Carrie Marsh

Former executive director of Community Works Rhode Island, neighborhood resident and community activist

“It’s tragic what was lost just by three years of neglect.”

Carrie Marsh: I was running the community development corporation across the street. I probably had the best view in the city of what was happening on the roof. The angle of my office to that roof allowed me to see everything happening. I own a house two blocks away from here.

I really feel particularly aware of the challenge of reusing sacred buildings in the inner city that were built to last forever, but they were built to serve populations that have now changed dramatically and it doesn’t matter what denomination you’re talking about.

I loved the way it sat close to the street and sort of invited people in.

That back door was always unlocked. So we realized at that point that the back door was always open. We started noticing people coming and going all the time.

And then we [Marsh and other neighbors] started trying to contact everybody. There’s three years worth of almost guerrilla fighting to save this building [laughs] in these chains of emails that I sent to everybody. First it started off by saying [to Congregation Beth Sholom, owner of the site] you haven’t mowed the lawn in a year. Could you please take care of your site?

And we were getting not only no response, but any response we did get was fairly, I think, belligerent. There was obviously no sense of care or accountability for this building. Nobody from Beth Sholom was responding to us in a positive manner, if at all.

One of the pieces of copper detailing outside that would probably cost $10-20,000 to replace or more fell off one day, and we carried it across the street and kept it in our conference room.

[discusses a prospective buyer for the building]

She said she was a lawyer from Liberia, and she wanted to create a Liberian community center and church here. She hired people to come over here supposedly to clean up the building who started ripping the roof off of it in broad daylight. She had these three guys in an old beat-up pickup truck up on the roof tearing it apart and selling it for scrap.

I called the police, the police showed up, the police and I and these three guys stood by the truck full of scrap roof copper and the police told me, there’s nothing we can do. They didn’t do a thing. They just let the guys drive off with their truck full of copper.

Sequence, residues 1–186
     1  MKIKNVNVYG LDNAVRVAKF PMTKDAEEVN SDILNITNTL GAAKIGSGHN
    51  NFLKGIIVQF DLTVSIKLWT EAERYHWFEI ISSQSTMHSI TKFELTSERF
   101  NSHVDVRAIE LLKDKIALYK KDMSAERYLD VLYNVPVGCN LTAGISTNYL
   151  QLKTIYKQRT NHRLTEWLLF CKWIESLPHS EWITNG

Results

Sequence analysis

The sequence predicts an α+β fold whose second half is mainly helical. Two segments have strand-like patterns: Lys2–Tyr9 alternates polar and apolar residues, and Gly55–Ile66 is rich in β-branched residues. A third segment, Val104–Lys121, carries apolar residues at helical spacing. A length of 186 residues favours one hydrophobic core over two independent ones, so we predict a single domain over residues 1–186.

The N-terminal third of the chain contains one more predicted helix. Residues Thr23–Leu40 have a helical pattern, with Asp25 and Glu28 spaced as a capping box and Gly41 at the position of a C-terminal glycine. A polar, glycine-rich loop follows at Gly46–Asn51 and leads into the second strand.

Every morning I’d come to work and I’d see less and less roof, and then we started being able to see daylight through and all that.

I’m disgusted how far this got with just nobody responding to three years’ worth of outcry. It’s tragic what was lost just by three years of neglect. This was a beautiful space.

One thing about this building that’s missing now is that so much of it had the names of the community members who had been in this neighborhood when it was a predominantly Jewish community.

You just had this really lovely quality about it. It’s part of the history of this neighborhood, which has changed so much over its time.

When you have a neighborhood as significant as the South Side, which has a remarkable history and beautiful architecture and incredible diversity, incredible religious buildings, historic religious buildings. That’s a huge part of understanding how this place developed. The spirit of this place was built around communities and their religious practice. You’ve got a huge Baptist church [Calvary Baptist Church] just a few blocks away. You’ve got all these remnants of what brought people here and kept them together in community.

It was sacred. It was what kept them connected to each other and to the places of origin and to a sense of adapting in a new place. Buildings like this are sacred, not only because of the worship that went on in them but the role that they serve for their communities.

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